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THIMBLE, an implement for use in sewing, serving as a protective covering for the finger in pushing the needle through the material worked upon. For ordinary purposes the thimble is a bell-shaped cap reaching to the first joint and is usually worn on the middle finger. It is made of silver or other metal, sometimes of horn, ivory or bone. The sail-maker's thimble or " thummel " is a heavy ring, worn on the thumb, with a disc attached which is the part used to press against the needle. The O.E. thymel, from which the word descends, is formed, with the suffix -el, from thuma, the thumb, the protective covering having been formerly worn on that digit. The thumb by etymology means the " thick " finger, and is to be referred to the root turn, to swell up, become thick, seen in Lat. tumere, " tumid," etc. The term " thimble " is used of many mechanical appliances, especially of various forms of sleeve, bushing or joining for the ends of pipes, or shaftings, or as covering for an axle, etc. In nautical usage the " thimble " is a metal ring concave on the outside in which a rope runs; it is a protection against chafing.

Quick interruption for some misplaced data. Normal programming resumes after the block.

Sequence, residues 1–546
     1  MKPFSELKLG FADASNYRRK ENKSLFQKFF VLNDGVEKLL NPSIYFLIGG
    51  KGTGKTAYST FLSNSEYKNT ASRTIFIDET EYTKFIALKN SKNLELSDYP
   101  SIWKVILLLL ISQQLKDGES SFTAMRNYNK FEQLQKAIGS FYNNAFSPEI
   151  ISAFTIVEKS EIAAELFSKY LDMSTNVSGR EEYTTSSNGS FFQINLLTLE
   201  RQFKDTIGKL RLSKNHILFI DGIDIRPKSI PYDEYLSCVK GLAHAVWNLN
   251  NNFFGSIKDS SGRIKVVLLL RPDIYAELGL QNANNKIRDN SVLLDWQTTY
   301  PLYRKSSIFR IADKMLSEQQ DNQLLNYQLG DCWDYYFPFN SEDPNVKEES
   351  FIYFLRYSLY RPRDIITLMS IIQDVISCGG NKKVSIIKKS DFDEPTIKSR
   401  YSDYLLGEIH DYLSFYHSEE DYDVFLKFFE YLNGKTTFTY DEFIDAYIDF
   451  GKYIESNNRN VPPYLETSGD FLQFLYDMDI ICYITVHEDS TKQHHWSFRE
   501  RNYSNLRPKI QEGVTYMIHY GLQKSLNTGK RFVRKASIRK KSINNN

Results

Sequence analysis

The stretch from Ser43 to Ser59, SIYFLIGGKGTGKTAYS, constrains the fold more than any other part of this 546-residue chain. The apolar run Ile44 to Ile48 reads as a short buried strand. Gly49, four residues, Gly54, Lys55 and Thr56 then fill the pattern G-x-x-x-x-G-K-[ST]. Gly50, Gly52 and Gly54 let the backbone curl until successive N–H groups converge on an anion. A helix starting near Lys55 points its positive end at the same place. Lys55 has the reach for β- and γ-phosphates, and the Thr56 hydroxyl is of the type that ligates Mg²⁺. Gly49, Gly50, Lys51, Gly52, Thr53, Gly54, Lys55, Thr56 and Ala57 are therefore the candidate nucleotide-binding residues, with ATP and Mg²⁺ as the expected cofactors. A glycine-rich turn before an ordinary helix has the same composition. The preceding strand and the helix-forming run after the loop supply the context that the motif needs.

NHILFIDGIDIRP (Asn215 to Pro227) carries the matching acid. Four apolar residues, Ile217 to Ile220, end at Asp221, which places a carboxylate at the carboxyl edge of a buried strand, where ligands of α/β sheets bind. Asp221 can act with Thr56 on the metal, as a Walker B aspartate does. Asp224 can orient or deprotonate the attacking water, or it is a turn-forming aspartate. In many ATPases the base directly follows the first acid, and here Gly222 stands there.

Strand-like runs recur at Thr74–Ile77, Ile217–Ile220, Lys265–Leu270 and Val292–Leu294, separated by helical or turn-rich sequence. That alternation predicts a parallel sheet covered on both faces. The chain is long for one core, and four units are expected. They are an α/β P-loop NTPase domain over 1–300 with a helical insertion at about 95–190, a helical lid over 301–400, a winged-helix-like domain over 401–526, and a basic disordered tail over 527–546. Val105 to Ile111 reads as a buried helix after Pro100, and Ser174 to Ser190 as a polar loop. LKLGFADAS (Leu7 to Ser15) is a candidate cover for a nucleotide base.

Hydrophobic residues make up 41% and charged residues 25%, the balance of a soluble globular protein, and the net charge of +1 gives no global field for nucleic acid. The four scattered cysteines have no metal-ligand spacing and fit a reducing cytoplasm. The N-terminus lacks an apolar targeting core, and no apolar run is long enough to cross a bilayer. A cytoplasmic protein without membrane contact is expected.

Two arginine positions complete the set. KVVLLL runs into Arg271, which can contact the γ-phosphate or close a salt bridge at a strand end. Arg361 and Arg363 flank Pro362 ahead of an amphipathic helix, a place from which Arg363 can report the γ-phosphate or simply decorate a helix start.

Note - this article incorporates content from Encyclopaedia Britannica, Eleventh Edition, (1910-1911)

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